illustrated portrait of English poet Emily Dickinson

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What does purple symbolise in "Bloom upon the Mountain - stated"?

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In this poem, the speaker watches as the sunset turns the mountain top in front of it a deep purple. She considers how, if she had created such a beautiful purple, she would do so during the day and not at twilight, when so many people will miss it, thus...

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In this poem, the speaker watches as the sunset turns the mountain top in front of it a deep purple. She considers how, if she had created such a beautiful purple, she would do so during the day and not at twilight, when so many people will miss it, thus making herself famous. She laments that there is no other witness to its beauty, and the color spreads and spreads—like a flower blooming —until the sun dips below the horizon and the mountain returns to its usual appearance at night.

So, I think the purple could symbolize a few different things. First, it could symbolize all the beauty in the world that people typically do not see. Only the speaker notices the beautiful purple bloom on the mountain, and she feels a bit sad that there are no other witnesses to share in her awe of it. I think it could also symbolize the beauty within ourselves that others may not be able to see or recognize. The speaker thinks that she would parcel out her purple during the day time if she had some, but her ability to stop and recognize the sublimity of nature when none others are around seems to indicate that she is, actually, pretty special. Moreover, since purple often signifies royalty or even divinity, it could symbolize the relationship between God and Nature, or even God and human beings.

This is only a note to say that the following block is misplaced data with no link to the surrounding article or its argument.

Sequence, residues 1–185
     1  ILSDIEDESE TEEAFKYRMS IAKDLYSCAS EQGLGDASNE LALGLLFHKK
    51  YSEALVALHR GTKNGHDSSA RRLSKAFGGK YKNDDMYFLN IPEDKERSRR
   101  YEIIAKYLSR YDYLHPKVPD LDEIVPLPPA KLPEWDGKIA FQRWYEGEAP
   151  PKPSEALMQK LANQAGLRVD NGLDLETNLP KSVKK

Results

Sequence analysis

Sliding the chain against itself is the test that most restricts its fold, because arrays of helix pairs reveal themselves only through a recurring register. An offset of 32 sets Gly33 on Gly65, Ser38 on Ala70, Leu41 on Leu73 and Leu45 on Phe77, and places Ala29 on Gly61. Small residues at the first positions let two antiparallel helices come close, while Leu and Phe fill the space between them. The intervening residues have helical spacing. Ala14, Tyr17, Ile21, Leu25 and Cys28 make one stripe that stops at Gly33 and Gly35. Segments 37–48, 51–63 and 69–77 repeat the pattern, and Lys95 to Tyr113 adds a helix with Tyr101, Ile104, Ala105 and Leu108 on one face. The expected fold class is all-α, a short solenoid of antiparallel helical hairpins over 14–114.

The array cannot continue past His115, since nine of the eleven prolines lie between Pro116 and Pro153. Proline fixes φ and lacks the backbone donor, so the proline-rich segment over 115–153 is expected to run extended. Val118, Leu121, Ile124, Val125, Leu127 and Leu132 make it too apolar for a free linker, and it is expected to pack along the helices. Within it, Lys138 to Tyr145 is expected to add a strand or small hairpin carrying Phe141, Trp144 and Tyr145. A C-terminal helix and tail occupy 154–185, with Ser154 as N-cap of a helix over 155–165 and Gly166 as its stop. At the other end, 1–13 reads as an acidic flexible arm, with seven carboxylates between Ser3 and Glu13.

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This is a poem that clearly depicts an awe-inspiring scene from nature that Dickinson tries to convey as she watches a sunset silhouette a mountain and make it appear as if the mountain top has a "bloom" because of the way that the sun is setting. Purple is used in the second stanza in the following way:

Seed, had I, my Purple Sowing
Should endow the Day –
Not a Topic of a Twilight –
Show itself away –

Purple is normally a colour that Dickinson uses in her poetry to refer to the divine majesty and imperial rule of God and Jesus, and often purple therefore refers to some kind of magnitude or sense of stunning beauty that can only be related to God's power and creativity. Here, the purple refers to the speaker's act of "Sowing," perhaps refering to the way that she is trying to capture the beauty of this scene, and thus "endow the Day" that she is so struck by. Purple then relates to the majesty of the scene from nature that she is so struck by and which impresses her so greatly.

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